From the companies he was working with on the artificial heart and assist devices development, Dr. Frazier has not received one penny for his work and now over 50,000 LVAD devices are in use in patients all over the world. He was reimbursed for some of his travel expenses but not for all. Dr. Frazier has never been reprimanded by Medicare or Medicaid, FDA, or any other governmental agencies for the work he has done, yet the Chronicle is attacking the reputation of the most prolific heart transplant surgeon in the world, and the developer of the left ventricular assist device and artificial heart.
There is no way the Chronicle can ever repair the reputation of this great physician.
Joe N. Kidd, M. D.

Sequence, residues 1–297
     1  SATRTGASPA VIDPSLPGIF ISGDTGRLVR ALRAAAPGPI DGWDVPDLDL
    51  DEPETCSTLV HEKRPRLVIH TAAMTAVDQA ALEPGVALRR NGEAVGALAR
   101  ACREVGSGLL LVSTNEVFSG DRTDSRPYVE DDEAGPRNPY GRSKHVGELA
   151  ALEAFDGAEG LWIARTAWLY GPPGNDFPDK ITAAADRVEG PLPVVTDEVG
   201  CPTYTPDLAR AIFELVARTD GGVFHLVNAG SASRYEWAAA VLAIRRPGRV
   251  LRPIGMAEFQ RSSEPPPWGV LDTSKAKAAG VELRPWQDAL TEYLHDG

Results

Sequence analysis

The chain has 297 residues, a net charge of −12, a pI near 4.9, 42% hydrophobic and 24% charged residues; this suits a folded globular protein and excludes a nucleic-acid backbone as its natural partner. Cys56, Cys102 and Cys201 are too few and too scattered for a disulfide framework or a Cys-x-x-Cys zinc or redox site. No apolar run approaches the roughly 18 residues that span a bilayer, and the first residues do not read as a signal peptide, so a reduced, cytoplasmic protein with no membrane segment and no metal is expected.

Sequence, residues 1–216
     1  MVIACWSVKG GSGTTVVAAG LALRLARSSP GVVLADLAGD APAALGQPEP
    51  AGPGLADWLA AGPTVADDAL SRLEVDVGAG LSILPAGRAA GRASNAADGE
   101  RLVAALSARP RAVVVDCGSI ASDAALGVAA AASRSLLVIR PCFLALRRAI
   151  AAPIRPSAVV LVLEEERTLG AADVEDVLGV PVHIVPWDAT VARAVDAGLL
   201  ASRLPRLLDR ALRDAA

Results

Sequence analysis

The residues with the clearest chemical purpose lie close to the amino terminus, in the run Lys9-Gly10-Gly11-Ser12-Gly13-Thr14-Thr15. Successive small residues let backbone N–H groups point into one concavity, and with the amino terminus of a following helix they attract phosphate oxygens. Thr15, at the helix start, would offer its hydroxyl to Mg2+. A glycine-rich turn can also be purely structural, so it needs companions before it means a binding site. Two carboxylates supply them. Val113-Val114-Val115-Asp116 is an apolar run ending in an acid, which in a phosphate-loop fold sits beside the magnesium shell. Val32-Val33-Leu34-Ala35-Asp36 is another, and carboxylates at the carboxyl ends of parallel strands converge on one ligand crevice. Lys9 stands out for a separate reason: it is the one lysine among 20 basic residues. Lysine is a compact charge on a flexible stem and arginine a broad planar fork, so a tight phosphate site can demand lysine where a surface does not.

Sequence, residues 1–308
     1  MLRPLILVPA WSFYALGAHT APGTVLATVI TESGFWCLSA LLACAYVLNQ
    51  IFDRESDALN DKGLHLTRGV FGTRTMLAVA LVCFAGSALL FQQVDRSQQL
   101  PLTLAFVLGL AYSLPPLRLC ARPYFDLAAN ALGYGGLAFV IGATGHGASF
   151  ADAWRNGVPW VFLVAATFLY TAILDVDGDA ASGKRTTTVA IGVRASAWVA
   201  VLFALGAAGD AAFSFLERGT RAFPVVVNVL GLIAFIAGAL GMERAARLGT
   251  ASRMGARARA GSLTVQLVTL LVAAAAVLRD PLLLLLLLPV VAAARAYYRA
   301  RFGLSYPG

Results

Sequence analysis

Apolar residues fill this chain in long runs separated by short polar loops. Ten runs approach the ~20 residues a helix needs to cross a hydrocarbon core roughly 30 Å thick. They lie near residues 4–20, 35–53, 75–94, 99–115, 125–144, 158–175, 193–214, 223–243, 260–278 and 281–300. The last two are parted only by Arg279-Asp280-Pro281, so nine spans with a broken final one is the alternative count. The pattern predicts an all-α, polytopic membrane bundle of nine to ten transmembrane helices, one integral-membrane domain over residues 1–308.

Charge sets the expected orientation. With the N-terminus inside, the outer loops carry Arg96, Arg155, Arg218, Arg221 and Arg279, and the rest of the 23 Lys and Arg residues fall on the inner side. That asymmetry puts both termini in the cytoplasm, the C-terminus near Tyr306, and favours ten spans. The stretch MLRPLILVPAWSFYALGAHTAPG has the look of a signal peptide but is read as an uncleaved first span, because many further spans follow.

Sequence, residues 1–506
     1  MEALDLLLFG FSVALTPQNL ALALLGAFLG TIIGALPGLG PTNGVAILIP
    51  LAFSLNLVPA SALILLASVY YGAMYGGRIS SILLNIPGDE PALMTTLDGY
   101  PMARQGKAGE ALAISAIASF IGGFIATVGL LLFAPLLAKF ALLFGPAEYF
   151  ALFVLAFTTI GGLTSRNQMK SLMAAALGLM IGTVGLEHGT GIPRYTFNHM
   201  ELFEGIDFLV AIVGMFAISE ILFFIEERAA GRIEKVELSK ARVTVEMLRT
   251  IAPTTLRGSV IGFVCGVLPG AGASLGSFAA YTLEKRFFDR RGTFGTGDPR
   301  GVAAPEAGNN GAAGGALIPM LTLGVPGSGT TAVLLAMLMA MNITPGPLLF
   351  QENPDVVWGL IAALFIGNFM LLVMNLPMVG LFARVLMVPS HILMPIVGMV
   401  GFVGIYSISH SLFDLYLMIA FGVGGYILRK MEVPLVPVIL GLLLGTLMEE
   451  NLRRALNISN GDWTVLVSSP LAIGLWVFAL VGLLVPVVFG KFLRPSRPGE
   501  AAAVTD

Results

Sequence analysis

I first met Dr. Frazier in 1987. My son Christopher was dying at Texas Children’s Hospital from heart disease. He had caught some mysterious virus in 1982 and had been ill several times with strep throat and pneumonia. Heart disease was finally diagnosed in 1985 and he was then followed by Texas Children’s Hospital. The pediatric heart transplant program was just beginning at TCH – they had clinicians but for the heart transplants TCH had an agreement with St. Luke’s for the surgeons. Christopher had maintained reasonable health until the spring of 1987 when he began to fail rapidly. He was admitted for an heart transplant evaluation in early May 1987 and within a week was in ICU. He was placed on a waiting list for a heart donor but there were no donors at that time. Around 7 AM on May 15 his heart stopped. The doctors at TCH did all they could but Christopher could not be revived. They told us that he had died and we were in the consolation room when we learned that Dr. Frazier has gotten Christopher going again. Dr. Frazier had rushed from another hospital’s surgery unit to try to save Christopher. We were told that his only chance was to be put on a left ventricular assist device. These devices at that time were very rudimentary. They were external units and were sized for adults, not a 9 year old boy. The doctors at TCH told us it would be a bad idea to pursue this avenue because they believed the chances of success were almost zero, but my wife and I thought that with the pump there might be some chance, however slim, so we asked the doctors to proceed. Christopher was placed on the LVAD and the next day a wonderful family somewhere decided to donate the heart of their child who had just died. The surgery was successful and Christopher became the first patient ever to survive by using an adult LVAD as bridge to transplant. Like many patients, he had bumps in the road but here we are, 31 years later, and still doing well because of this miracle and the dedication, determination, and skill of Dr. Bud Frazier.